Statement by UNDP Country Director at the 1st United Nations Global Compact Roundtable for 2011 “The Role of Business in Fighting Corruption”Mar 20, 2011
Mr. Ashraf Gamal Eldin, Executive Director, Egyptian Corporate Responsibility Center
Dr. Barbara Ibrahim, Director, John D. Gerhart Center for Philanthropy and Civic
Engagement, American University in Cairo,
Ladies and Gentlemen,
I am pleased to join you today in the first Global Compact Roundtable to be held in 2011, organized by the Egyptian Corporate Responsibly Center (ECRC) in cooperation with the John Gerhart Center of the American University in Cairo. Welcome to a new and changing Egypt.
As many of you know, the ECRC previously organized in 2010 a number of thematic Global Compact Roundtables. This series of events, structured around the principles of the UN Global Compact, included, for example, roundtables on the Human Rights principle hosting guest speaker Prof. John Ruggie, Special Representative of the UN Secretary General on Human Rights and Business, and another on the principle of Protecting the Environment showcasing a number of case studies on energy saving across various sectors including construction, tourism and manufacturing.
In continuation of such fruitful discussions, today, we focus on yet another UN Global Compact principle that seems to be timely and important given the transition that we are all witnessing in Egypt. Today we talk about corruption.
Fighting Corruption, whether within government or private sector, is imperative for Egypt during these crucial times. This is why we are particularly interested to identify, through today’s roundtable, different ways with which businesses can fight corruption and ensure sustainable growth. Egypt is now more than ever ready for higher levels of anti-corruption and transparency measures to create a new culture of information disclosure with clear lines of accountability.
The United Nations realizes the importance of fighting corruption. And the United Nations Convention against Corruption (UNCAC), adopted by the UN General Assembly in October 2003, explicitly addresses the private sector in the fight against corruption.
For example, in terms of corruption prevention, the 12th article requires states to enhance accounting and auditing standards in the private sector; to adopt effective, proportionate and dissuasive civil, administrative and criminal penalties for failure to comply with such measures; and to disallow the tax deductibility of expenses that constitute bribes.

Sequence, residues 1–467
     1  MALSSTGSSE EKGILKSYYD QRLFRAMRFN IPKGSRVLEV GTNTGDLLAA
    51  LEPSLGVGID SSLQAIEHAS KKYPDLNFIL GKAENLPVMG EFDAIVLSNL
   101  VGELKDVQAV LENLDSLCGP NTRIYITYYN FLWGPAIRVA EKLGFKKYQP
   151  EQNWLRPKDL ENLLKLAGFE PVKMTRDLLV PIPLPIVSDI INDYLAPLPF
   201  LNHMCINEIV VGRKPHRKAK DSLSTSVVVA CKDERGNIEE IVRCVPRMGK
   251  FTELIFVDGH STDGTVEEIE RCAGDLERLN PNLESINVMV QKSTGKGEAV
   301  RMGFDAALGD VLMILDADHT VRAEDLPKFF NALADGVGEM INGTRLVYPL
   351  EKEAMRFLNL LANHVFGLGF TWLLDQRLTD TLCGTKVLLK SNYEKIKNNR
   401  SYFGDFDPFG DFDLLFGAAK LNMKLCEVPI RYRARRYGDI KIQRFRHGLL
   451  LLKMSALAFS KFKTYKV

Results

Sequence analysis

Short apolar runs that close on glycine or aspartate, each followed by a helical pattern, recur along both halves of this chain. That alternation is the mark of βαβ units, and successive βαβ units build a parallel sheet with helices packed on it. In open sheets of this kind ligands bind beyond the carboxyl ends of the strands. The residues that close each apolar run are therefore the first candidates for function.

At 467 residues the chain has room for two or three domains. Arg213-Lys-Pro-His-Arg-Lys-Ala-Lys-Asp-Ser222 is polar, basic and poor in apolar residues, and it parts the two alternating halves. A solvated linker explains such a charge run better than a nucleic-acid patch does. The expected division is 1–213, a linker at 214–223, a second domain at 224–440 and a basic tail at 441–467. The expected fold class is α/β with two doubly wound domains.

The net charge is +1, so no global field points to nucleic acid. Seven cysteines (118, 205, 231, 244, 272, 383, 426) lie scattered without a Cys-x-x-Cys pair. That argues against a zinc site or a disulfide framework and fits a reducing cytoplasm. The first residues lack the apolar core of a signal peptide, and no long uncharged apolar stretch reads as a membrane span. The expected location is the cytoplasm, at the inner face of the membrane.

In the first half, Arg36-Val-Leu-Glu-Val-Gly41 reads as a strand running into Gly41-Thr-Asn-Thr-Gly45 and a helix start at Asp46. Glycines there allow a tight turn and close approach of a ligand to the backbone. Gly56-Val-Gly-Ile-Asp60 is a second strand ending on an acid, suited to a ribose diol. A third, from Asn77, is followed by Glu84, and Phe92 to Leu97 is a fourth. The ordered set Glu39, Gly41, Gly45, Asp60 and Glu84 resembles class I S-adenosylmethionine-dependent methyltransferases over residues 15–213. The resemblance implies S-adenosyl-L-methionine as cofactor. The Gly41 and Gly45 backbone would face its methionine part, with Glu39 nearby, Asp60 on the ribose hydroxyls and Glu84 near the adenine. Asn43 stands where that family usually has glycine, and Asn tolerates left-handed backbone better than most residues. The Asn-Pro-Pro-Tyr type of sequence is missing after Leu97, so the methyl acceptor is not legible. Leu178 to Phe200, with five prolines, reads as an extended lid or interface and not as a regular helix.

In terms of safeguarding the integrity of private entities, it emphasizes the promotion of codes of conduct, the provision of guidance on corruption, developing corporate governance codes, enforcing conflict of interest regulations, and establishing internal audit controls.
With regard to criminalization and law enforcement, several provisions oblige states to adopt measures that criminalize the intentional bribery of national public officials, as well as foreign public officials (as in article 16). Moreover, states are asked to adopt measures that criminalize bribery in the private sector.
It has become clear that without addressing the supply side of corruption as well, the fight against corruption will not succeed.
Let me also emphasize that apart from fighting corruption per se, addressing private sector corruption has a number of benefits that include enhancing investor confidence; protecting consumer interests enhancing long term competitiveness; and denying the supply side of corruption in the public sector.
That being said, there must be an increase in the number of stakeholders joining executives and regulators in tackling corruption in business. These important allies include owners, investors and workers, financial intermediaries and auditors and, in the broader business environment, the media, citizens as consumers and – last but not least – civil society. The focus of attention has to reach out and expand beyond setting rules and pledging commitment to issues of implementation, monitoring and accountability for results to be achieved. Collective action and collaboration needs to be better recognized as essential principles in addressing corruption challenges in business.
In this connection, it is with great pleasure that we have with us today Ms. Donna Chung, Policy Officer at the UN Global Compact Office in New York, who will share with us the global perspective when it comes to fighting corruption in business. I would also like to welcome Eng. Mohammed El Mahdi, CEO of Siemens Egypt, who will also share with us his company’s experience in implementing its compliance programme to prevent corruption.
Ladies and Gentlemen,
In closing, I think it’s fair to say that fighting corruption in Egypt remains one of the biggest challenges, not only from a good governance and poverty reduction perspective, but also as a means of widening investment opportunities. The UNCAC, as the most comprehensive – and the only global – anti-corruption convention addresses many aspects of a coherent fight against corruption. It has large potential to bolster an efficient and effective fight against corruption for any country, and for Egypt in particular, especially at this time. However, to fully implement the convention, technical assistance may be necessary, and UNDP and the UN System at large are ready to support and partner with all the stakeholders should it be needed.